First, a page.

Help Me Hunt a Headhunter
November 14, 2007 9:14 AM   Subscribe

I'm a post-Ph.D. (not computer science, alas, but history) and have decided to seek my fortune outside academia. I have lots of experience organizing and researching and analyzing and presenting and teaching all sorts of things in all sorts of contexts, and have made my CV into a resume that shows I'm not just another egghead. Unfortunately, I'm coming up empty handed after several months of a full-court press, and I'm thinking it's time to contact headhunting/recruiting agencies that might be interested in someone like me. I'd love your thoughts and suggestions on which firms to contact in the New York area.

By "people like me," I mean people who don't know C++ but can learn how to do pretty much anything short of figure skating and gymnastics quickly and do it well. And of course I'm also very grateful for any general job-related/New York-ish advice, including suggestions for temp agencies that might have especially challenging jobs for someone who is good at reading and thinking and writing.

Pre-emptive eternal gratitude.
posted by foxy_hedgehog to Work & Money (9 answers total) 8 users marked this as a favorite
 
I'm a recruiter, and I hate to tell you but for the most part you will be wasting your time sending CVs to headhunters. We are retained by companies to find people with specific skills and experience.

My advice to you is to forget about sending resumes and focus on meeting people in an industry that interests you. Find names and ask for short informational interviews that will let you learn about different roles. If you meet enough people and impress them with your smarts and charm (without asking for a job directly) you have a good chance of getting a personal referral to an opportunity. Good luck!
posted by sevenyearlurk at 9:42 AM on November 14, 2007 [1 favorite]


Headhunters work for employers, not for job-seekers. There's nothing wrong with contacting them and getting your resume to them, but they will not work on your behalf.

I've encountered folks with history degrees working in all kinds of fields: journalism, hospitality, systems management, non-profit management, etc., so certainly you can land successfully somewhere outside academia.

It sounds to me like you need to narrow your focus to what you actually want to do, rather than saying "I can learn how to do just about anything". "Reading and thinking and writing" is pretty broad and applies to almost any non-manual-labor job.

If I were to consider hiring you in my field, I would want to hear you say that you've thought about a lot of lines of work, but that this opportunity I'm offering is just what you want to do. And you'd have to mean it. If I get the idea that you're just applying for anything and everything, I would tell you to come back when you've made up your mind.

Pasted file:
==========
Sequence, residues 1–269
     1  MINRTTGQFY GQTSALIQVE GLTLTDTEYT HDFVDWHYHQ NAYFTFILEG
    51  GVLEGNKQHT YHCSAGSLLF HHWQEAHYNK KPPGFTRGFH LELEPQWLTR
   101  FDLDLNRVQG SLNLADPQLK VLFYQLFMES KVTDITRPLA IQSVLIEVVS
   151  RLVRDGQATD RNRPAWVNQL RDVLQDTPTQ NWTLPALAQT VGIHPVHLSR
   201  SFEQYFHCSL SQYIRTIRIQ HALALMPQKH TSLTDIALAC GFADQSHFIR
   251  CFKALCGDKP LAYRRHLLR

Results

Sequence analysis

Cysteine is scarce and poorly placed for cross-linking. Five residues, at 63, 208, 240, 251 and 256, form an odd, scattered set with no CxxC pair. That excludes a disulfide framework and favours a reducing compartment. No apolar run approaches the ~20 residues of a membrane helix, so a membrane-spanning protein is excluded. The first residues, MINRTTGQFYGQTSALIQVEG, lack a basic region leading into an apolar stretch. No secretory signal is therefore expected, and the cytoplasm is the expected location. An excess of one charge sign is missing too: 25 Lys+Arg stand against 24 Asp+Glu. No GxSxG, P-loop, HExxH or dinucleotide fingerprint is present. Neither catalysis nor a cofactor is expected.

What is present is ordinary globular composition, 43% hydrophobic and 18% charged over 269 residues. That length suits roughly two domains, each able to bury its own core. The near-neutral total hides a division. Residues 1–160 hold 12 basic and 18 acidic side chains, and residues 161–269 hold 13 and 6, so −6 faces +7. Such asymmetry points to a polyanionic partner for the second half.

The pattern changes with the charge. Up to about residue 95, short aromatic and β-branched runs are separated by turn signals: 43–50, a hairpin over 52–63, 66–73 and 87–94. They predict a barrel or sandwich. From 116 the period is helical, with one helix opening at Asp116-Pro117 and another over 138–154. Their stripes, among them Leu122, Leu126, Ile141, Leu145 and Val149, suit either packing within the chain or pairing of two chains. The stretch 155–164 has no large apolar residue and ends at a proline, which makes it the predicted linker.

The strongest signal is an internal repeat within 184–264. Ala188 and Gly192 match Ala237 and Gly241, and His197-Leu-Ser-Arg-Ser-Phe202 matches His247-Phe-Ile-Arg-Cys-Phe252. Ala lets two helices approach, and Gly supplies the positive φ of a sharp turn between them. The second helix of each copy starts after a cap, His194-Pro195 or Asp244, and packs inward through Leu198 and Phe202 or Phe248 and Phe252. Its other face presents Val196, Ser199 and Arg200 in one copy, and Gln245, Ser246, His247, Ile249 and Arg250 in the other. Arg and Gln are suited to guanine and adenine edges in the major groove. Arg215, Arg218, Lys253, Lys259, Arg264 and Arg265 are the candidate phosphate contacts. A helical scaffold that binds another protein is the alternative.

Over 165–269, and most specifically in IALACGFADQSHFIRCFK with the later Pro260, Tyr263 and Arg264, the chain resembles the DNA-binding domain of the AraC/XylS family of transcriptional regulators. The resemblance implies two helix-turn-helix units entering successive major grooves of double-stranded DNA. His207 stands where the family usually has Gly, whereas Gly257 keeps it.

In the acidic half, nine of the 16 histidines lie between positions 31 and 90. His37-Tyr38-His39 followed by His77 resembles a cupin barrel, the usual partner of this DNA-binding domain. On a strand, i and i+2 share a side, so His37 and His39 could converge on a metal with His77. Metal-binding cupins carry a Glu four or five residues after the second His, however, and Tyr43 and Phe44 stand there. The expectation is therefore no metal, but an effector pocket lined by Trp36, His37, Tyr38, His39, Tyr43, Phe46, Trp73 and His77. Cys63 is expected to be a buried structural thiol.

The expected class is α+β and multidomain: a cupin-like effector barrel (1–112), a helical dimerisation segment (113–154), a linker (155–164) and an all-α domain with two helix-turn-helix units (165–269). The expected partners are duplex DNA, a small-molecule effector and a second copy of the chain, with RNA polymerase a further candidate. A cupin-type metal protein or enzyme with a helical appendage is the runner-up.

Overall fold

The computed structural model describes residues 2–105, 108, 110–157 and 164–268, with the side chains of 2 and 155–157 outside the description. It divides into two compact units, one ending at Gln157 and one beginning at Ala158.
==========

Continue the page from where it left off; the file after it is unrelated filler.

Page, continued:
If you have not used the "What Color is My Parachute" type of method to narrow down your choices to what really interests you, I'd recommend doing that, first of all.
posted by beagle at 9:44 AM on November 14, 2007


How about research analyst at one of the major broker/dealers? Obviously you would start out pretty junior, but with your background it might be something that's right up your street. Taking sevenyearlurk's suggestion - try and talk to some of those types of people.
posted by Sk4n at 10:04 AM on November 14, 2007


How about a position at an educational publishing company? (Pearson, McGraw Hill, Houghton Mifflin, Bedford/St. Martin's, Elsevier, Thompson...). I work at one and can tell you it is not at all uncommon to hire former instuctors. Our traditional customer is the instructor and so its quite a natural progression for some to come work for us. Many become editors but some go to the sales force becoming sales specialists in their discipline. A guy I work with closely was a psychology professor who ended up creating his own ebook format and was hired and now runs an entire ebook production department.

Ed. Publishers generally don't pay very well however, so I'm not sure how much that is a factor. It varies across the industry of course. I will say however that aside from the biggest publishers like McGraw and Pearson who I hear tend to be very corporate, it is a great environment to work in.. very laid back, highly educated people, interesting important work etc..

Most companies have new york city offices. Many are headquartered there.

Good luck!
posted by postergeist at 10:28 AM on November 14, 2007 [2 favorites]


Thought about non-profits?
posted by fructose at 2:13 PM on November 14, 2007


Thanks to you all for these suggestions! I actually have a very good idea of the position that would be completely fulfilling and a perfect use of my expertise and talents (working in a Ford Foundationesque policy non-profit on issues of religious and ethnic conflict) but such positions are few and far between, and it's going to take a lot of time- maybe a year or more- and a lot of informational interviews to prime the pump. And, of course, there are no guarantees. In the meantime, my post-doc is about to end and I need to find a job ASAP.